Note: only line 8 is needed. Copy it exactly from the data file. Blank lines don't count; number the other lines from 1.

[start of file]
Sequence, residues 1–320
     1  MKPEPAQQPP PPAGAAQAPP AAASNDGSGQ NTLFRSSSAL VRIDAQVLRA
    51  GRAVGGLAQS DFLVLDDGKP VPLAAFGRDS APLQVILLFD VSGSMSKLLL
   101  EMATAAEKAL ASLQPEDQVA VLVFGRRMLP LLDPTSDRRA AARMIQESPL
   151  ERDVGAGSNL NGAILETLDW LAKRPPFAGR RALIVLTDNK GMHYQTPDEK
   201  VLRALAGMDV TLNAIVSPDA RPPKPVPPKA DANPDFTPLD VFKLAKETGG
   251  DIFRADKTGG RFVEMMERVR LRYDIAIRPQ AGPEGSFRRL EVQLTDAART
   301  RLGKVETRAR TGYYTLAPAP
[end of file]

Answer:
   301  RLGKVETRAR TGYYTLAPAP